No problem, he was told. He’d have a new visa in 24 hours.


    Full-field scores from the 147th Open Championship

    Full coverage of the 147th Open Championship


    Except the consulate in New York didn’t respond to his application the next day, keeping him in limbo through the weekend. Then, on Monday, he was told that he’d applied for the wrong visa. UPS got shut down in New York and his visa never left, so Vegas waited in vain for seven hours in front of the consulate in Houston. He finally secured his visa on Wednesday morning, boarded a flight from Houston to Toronto, and then flew to Glasgow, the final leg of a 14-hour journey.

    His agent arranged a helicopter ride from Glasgow to Carnoustie to ensure that he could make his 10:31 a.m. (local) tee time.

    One more issue? His clubs never made it. They were left back in Toronto.

    His caddie, Ruben Yorio, scrambled to put together a new bag, with a mismatched set of woods, irons, wedges and putter.

    “Luckily the (equipment) vans are still here,” Vegas said. “Otherwise I probably would have played with members’ clubs today.”

    He hit about 20 balls on the range – “Luckily they were going forward” – but Carnoustie is one of the most challenging links in the world, and Vegas was working off of two hours’ sleep and without his own custom-built clubs. He shot 76 but, hey, at least he tried.

    “It was fun,” he said, “even though the journey was frustrating.”

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    'Brain fart' leads to Spieth's late collapse

    By Rex HoggardJuly 19, 2018, 2:44 pm

    CARNOUSTIE, Scotland – The closing stretch at Carnoustie has famously ruined many a solid round, so Jordan Spieth’s misadventures on Thursday should not have been a complete surprise, but the truth is the defending champion’s miscues were very much self-inflicted.

    Spieth was cruising along at 3 under par, just two shots off the early lead, when he made a combination of errors at the par-4 15th hole. He hit the wrong club off the tee (4-iron) and the wrong club for his approach (6-iron) on his way to a double bogey-6.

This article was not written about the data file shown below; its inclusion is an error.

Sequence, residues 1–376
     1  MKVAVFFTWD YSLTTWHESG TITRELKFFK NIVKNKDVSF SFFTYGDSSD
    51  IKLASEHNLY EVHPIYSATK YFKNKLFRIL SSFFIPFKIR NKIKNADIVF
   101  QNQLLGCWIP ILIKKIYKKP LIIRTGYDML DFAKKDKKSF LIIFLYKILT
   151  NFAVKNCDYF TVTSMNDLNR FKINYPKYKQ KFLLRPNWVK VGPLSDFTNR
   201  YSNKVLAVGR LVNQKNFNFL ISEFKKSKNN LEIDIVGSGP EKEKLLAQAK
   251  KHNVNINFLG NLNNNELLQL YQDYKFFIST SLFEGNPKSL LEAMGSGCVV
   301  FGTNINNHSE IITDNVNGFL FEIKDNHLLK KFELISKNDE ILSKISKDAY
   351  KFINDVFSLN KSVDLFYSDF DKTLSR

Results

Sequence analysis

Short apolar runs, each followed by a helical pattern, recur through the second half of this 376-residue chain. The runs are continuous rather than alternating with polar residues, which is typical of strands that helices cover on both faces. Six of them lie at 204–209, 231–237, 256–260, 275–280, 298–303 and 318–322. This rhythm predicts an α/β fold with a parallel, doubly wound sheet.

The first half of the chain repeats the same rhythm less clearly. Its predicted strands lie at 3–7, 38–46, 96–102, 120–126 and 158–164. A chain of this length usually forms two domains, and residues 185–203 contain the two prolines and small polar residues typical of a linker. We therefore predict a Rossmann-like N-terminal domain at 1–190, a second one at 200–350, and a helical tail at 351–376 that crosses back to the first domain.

“The problem was on the second shot, I should have hit enough club to reach the front of the green, and even if it goes 20 yards over the green, it's an easy up-and-down,” Spieth said. “I just had a brain fart, and I missed it into the location where the only pot bunker where I could actually get in trouble, and it plugged deep into it. It was a really, really poor decision on the second shot, and that cost me.”


    Full-field scores from the 147th Open Championship

    Full coverage of the 147th Open Championship


    Spieth continued to compound his problems with a sloppy bogey at the 16th hole, and a drive that sailed left at 18 found the Barry Burn en route to a closing bogey and a 1-over 72.

    The miscues were more mental, a lack of execution, than they were an example of how difficult the closing stretch at Carnoustie can be, and that’s not good enough for Spieth.

    “That's what I would consider as a significant advantage for me is recognizing where the misses are,” said Spieth, who was tied for 68th when he completed his round. “It felt like a missed opportunity.”

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    Perez: R&A does it right, 'not like the USGA'

    By Rex HoggardJuly 19, 2018, 2:28 pm

    CARNOUSTIE, Scotland – Pat Perez didn’t even attempt to hide his frustration with the USGA at last month’s U.S. Open, and after an opening-round 69 at The Open, he took the opportunity to double down on his displeasure.

    “They (the R&A) do it right, not like the USGA,” Perez said of the setup at Carnoustie. “They've got the opposite [philosophy] here. I told them, you guys have it right, let the course get baked, but you've got the greens receptive. They're not going to run and be out of control. They could have easily had the greens just like the fairway, but they didn't. The course is just set up perfect.”


    Full-field scores from the 147th Open Championship

    Full coverage of the 147th Open Championship


    Concerns at Shinnecock Hills reached a crescendo on Saturday when the scoring average ballooned to 75.3 and only three players broke the par of 70. Of particular concern for many players, including Perez, were some of the hole locations, given how fast and firm the greens were.

    “The U.S. Open could have been like this more if they wanted to. They could have made the greens a bit more receptive,” Perez said. “These greens are really flat compared to Shinnecock. So that was kind of the problem there is they let it get out of control and they made the greens too hard.”